What's going on?
Europe’s largest bank, HSBC, sounded yet another alarm for the global economy on Tuesday as it reported weaker-than-expected annual results.
What does this mean?
HSBC grew its revenue and profit last year, but not by as much as investors predicted. In Asia, where HSBC makes 90% of its profit, slowing Chinese economic growth and falling stock markets (which hurt earnings at other banks, too) led to lower fourth-quarter profit than a year ago (tweet this) – and contributed to global costs growing faster than revenues.
Closer to its UK home, HSBC also reported fewer loans were being repaid as agreed – and predicted British economic uncertainty might make this worse. HSBC has a reputation for avoiding risky loans, so if even its carefully chosen borrowers are flirting with default, other British banks may take a bigger hit.
Why should I care?
For markets: No buyback to quieten the dissenters.
Disgruntled investors sold HSBC down 4% on Tuesday, making it the worst performer on the UK stock market. That likely reflects their disappointment at both lower-than-forecast profit and HSBC’s view that ongoing geopolitical uncertainty is clouding the future of its two key markets: the UK and Asia. Some hoped HSBC would announce a fresh share buyback program, as reducing the number of publicly available shares would improve returns for remaining shareholders. But it didn’t – disappointing investors, especially as rival RBS announced a larger-than-expected payday for its own shareholders last week.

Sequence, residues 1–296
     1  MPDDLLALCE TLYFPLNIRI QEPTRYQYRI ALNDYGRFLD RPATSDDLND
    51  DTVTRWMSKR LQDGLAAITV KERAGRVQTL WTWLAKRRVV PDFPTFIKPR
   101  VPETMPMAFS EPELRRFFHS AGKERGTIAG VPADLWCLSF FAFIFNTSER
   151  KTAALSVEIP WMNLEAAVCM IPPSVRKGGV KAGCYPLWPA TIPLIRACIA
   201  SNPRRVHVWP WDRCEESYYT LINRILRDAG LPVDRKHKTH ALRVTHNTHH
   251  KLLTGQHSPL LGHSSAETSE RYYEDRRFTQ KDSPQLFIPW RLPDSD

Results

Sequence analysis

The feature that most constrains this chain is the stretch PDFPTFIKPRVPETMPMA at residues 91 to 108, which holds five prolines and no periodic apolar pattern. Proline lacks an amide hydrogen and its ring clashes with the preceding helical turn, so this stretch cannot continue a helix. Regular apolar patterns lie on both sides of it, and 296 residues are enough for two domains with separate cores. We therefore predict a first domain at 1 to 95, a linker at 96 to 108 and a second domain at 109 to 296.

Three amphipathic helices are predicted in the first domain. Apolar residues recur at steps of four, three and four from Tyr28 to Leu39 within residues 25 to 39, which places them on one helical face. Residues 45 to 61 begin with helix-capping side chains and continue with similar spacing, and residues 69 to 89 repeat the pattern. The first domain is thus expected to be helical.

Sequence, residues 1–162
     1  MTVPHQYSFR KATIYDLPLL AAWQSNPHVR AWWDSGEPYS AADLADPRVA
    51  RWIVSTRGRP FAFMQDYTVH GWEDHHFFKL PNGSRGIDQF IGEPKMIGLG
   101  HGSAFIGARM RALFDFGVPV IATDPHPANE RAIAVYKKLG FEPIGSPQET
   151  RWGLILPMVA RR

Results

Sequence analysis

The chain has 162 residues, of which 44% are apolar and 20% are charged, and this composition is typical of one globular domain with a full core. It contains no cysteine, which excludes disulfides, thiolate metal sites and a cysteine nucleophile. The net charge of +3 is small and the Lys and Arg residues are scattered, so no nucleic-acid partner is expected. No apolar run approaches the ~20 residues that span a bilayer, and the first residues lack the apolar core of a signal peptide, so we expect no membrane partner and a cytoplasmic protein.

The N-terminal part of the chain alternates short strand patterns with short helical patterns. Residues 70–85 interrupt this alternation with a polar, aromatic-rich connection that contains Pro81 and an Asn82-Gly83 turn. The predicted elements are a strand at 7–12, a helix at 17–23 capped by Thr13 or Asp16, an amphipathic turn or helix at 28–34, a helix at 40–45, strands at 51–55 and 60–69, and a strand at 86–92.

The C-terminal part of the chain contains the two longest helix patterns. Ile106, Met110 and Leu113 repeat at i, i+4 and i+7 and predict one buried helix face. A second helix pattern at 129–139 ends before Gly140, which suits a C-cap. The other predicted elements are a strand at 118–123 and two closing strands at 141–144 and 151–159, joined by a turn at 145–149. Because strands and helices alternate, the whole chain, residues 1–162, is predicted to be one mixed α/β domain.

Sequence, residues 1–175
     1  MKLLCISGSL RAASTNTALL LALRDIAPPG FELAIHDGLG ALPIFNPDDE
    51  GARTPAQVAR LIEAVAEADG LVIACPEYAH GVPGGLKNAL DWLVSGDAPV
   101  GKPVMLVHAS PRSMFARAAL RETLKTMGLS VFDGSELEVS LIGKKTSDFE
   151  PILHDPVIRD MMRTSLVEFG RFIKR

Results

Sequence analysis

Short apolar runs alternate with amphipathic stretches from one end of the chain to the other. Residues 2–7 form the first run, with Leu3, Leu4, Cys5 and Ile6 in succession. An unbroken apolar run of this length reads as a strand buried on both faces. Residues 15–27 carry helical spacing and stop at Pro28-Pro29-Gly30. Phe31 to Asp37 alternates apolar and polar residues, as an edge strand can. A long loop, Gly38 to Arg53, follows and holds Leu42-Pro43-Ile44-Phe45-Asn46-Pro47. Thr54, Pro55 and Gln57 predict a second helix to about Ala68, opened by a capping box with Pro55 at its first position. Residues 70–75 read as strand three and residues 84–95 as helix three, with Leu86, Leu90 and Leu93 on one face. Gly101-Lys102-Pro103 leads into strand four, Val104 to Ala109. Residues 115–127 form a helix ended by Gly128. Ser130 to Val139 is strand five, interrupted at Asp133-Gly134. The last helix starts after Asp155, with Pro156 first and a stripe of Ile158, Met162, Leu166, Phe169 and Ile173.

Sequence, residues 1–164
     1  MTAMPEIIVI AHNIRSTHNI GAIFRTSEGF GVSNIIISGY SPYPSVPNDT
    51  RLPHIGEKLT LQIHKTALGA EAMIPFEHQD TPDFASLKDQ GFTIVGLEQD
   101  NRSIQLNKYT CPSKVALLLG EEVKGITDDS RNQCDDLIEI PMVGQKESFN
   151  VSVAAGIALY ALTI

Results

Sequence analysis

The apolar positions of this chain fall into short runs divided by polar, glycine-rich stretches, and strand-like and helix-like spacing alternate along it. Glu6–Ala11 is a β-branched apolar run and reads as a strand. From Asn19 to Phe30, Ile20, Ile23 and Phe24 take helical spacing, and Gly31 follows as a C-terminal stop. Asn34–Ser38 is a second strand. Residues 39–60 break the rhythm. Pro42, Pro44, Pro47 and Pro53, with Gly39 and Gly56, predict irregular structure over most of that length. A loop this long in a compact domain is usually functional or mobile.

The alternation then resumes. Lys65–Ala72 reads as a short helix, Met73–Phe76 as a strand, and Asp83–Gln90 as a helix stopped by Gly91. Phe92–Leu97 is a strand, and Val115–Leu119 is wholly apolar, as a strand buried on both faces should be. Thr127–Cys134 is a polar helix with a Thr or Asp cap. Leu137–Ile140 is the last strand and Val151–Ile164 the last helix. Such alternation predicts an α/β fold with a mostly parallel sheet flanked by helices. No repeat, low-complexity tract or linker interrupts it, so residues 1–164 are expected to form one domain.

The bigger picture: Chinese banks are becoming a little more European.
In China, where much of HSBC’s Asian business originates, local commercial banks are considering following in the state-owned Bank of China’s footsteps by issuing bonds with no set repayment date – a.k.a. “perpetual bonds” – in order to shore up their cash balances. European banking giant Santander offers similar bonds, but controversially declined to buy them back recently – which could push up the interest rates investors demand of Chinese banks.